'So, if all the reports say houses go up in flames in moments then why is this damn bookcase taking so long to light up?' I'm muttering and shaking my head. I was astonished actually. I'd been trying to burn that bookcase for quite a while and it was steadfastly refusing to go up in smoke.

It was a huge bookcase. About seven feet tall. An enormous, ugly, army green monolith that had been sitting in the middle of my garage forever. I'd been tripping over it, scooting around it, stacking stuff on top of it and had finally had it. It goes TODAY I had decided.

First I had to get the monstrosity out to the burn pile. It's too heavy to lift, too heavy to even drag. So there I was flipping it over and over covering the distance a couple feet at a time. I was determined. See, it was another of those items my near hoarder ex had brought home. Brought it home, then left it right in a walkway. Not even upright, laying flat and taking up the whole middle of the garage.

Then he never moved it because it was too heavy and he sure as hell didn't take it with him. So there I was stuck with it. I'd cleaned around it, gotten rid of a ton of other items but that green beast had remained.

So finally, there it was. On the burn pile. Actually, tilted on the concrete border of the pit because it is too damn big to fit inside. But good enough. So I build a fire next to it. I wait. Nope- wouldnt catch. I stoke that fire and build another inside between two of the shelves. Nope. No good. Built another underneath it. 'It's gotta burn now,'  I'm thinking. No- that damn bookcase steadfastly refused to do anything more than char.

I finally did what I should have done from the start. 'Loki... come help.'  Often Loki comes on His own to help with things but this time He didn't. I have to think it was partly due to this being something of the x's. He tends to stay out of some of those things, other than a few choice comments He had early on. The other part of His not volunteering to help is simply because some things we just need to do for ourselves. Sometimes there are things we need to recognize and deal with on our own. A modicum of self reliance is important- no one grows when wallowing in dependance.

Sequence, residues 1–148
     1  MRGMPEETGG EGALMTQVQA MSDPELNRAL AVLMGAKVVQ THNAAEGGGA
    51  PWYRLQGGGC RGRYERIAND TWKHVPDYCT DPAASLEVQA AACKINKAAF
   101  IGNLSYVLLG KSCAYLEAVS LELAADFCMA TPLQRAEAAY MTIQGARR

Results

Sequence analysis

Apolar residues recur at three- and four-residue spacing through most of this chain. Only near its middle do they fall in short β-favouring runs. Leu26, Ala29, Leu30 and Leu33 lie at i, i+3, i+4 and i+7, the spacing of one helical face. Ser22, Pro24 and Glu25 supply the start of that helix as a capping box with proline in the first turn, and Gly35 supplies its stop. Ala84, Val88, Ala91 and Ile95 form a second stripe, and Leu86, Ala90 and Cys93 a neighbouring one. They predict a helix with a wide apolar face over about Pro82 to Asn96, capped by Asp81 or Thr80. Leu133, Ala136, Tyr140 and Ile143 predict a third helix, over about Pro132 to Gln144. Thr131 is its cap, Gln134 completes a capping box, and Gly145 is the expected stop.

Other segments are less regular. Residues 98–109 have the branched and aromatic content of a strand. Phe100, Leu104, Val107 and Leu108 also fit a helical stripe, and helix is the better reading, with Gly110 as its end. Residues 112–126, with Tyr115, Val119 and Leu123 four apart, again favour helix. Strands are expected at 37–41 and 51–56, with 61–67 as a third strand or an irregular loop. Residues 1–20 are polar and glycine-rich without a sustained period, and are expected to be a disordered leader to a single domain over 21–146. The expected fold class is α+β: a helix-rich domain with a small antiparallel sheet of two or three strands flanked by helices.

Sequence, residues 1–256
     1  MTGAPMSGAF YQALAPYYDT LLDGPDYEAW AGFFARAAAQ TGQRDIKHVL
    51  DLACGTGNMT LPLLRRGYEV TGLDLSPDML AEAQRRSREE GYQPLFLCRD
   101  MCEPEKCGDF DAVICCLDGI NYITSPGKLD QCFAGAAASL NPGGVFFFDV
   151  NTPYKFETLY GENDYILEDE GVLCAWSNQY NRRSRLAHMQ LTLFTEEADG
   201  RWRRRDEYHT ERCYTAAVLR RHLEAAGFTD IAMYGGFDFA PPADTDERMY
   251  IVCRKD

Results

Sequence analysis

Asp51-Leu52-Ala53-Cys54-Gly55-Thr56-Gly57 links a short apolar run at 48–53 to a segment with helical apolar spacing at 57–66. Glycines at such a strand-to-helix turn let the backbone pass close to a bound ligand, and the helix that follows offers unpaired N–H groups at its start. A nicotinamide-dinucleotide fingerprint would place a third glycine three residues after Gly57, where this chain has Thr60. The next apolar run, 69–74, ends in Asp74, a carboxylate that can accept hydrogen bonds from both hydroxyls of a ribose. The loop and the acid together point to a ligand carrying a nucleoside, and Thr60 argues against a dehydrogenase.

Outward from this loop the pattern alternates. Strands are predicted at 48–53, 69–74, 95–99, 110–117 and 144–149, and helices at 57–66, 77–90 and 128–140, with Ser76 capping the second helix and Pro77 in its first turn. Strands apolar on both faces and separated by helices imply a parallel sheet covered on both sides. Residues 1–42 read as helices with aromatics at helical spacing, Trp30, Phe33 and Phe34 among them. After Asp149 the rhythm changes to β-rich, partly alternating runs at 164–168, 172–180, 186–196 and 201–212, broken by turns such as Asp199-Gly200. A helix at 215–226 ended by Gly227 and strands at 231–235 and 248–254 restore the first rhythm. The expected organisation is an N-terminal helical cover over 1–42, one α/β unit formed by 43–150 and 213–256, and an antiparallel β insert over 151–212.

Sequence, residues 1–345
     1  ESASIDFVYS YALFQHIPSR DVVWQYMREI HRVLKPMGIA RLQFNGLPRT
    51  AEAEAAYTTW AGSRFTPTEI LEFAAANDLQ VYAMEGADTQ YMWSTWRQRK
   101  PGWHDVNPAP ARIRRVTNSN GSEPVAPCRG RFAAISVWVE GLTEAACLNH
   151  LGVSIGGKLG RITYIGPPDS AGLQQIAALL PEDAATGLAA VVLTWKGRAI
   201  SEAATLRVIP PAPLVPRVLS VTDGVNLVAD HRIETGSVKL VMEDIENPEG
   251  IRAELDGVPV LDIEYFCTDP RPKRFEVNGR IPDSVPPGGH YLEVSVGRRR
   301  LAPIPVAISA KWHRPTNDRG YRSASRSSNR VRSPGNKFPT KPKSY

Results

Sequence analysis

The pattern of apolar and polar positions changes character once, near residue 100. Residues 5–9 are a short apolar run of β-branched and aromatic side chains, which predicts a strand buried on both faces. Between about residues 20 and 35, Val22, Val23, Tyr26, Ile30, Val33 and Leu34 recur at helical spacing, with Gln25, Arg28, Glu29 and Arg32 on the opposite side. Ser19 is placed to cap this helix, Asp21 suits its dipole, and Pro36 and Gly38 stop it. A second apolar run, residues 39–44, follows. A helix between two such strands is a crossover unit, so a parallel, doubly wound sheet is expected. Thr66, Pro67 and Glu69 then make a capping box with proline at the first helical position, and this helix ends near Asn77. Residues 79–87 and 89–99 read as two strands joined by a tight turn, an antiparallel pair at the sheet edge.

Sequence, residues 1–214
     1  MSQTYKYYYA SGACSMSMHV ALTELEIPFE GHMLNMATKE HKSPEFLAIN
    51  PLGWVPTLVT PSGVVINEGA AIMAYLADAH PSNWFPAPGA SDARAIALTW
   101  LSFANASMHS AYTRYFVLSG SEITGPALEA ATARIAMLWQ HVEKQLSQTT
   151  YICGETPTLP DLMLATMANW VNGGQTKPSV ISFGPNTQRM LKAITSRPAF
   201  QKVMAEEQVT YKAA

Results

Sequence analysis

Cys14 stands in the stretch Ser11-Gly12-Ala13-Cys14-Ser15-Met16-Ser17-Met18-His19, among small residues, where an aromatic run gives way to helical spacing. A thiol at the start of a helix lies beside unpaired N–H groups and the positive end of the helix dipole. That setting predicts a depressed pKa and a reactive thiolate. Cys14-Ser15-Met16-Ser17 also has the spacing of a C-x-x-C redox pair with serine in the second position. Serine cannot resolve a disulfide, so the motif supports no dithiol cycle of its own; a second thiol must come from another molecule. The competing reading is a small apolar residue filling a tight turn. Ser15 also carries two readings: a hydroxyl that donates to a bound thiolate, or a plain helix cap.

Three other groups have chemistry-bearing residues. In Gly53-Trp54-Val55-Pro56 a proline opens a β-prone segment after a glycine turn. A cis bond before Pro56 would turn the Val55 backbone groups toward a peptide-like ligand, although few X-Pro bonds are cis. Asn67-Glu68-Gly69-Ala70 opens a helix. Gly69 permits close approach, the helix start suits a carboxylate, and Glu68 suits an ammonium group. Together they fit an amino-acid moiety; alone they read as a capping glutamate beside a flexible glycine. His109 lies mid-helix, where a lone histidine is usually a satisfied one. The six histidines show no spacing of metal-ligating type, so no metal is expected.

He walks beside me, 'We'll see what happens babe, it may not (light).'  He's being nice, He often is when I've been flustered by something. Acts and speaks as though He may not be able to accomplish the task either. He does this when in husband mode... just maybe a husband with a few extra talents.

He takes a look, has me adjust a few things. Then He just stands by it, looking at the fire with those eyes just a bit too big for a human form, those eyes that tell the tale and whoosh! Up in roaring flames. He doesn't even look pleased, no big. I'm not as close, its hot near the fire and He comes to join me where I am sitting. We stand, watch the fire for a while. Then He says, 'It's good your taking care of it.'

I realize that fecking bookcase had become a last, vestigal annoyance, a final symbol to a life I had before. The kind of thing one leaves as a memento. That picture in the bottom of the box, that random note or item stuffed in a back corner. The thing you don't let go of after life changes. It's there so long you don't even notice it anymore but it niggles away in your mind. You can't ever get over something, you can't ever move on.

I'm not talking about baby pictures or other small sentimental keepsakes. I'm talking about those things that hold you back. Those unconscious subtle tags that say, 'You're it, this is it. Things are the same.' GK once wrote to me that sentimentality is sheer indulgence. To a point I agree. There is nothing wrong with hanging on to that graduation cap if it aides in remembering that sense of achievement.

There IS something wrong with keeping items around that only burden, that trip you up every time you walk by, things you stack new ways on top of precariously, items that force you to maneuver around every time you wish to move forward. Sometimes we leave those things around semi-purposely. For whatever reason, we indulge ourselves with something that will hold us back and prevent us from flying. Flight can be terrifying.

So we stood there and watched it burn. I grabbed some other branches and prunings that needed to flame and threw them on top intermittantly but most of the time just watched, steadily being unburdened as surely as the smoke rose, Loki by my side. We didn't really talk- just watched the flames and when it was burnt, when the bookcase was no more, we walked side by side into the house.

What mementos do you have?
by Russell Hansen. Click on the picture for his website.

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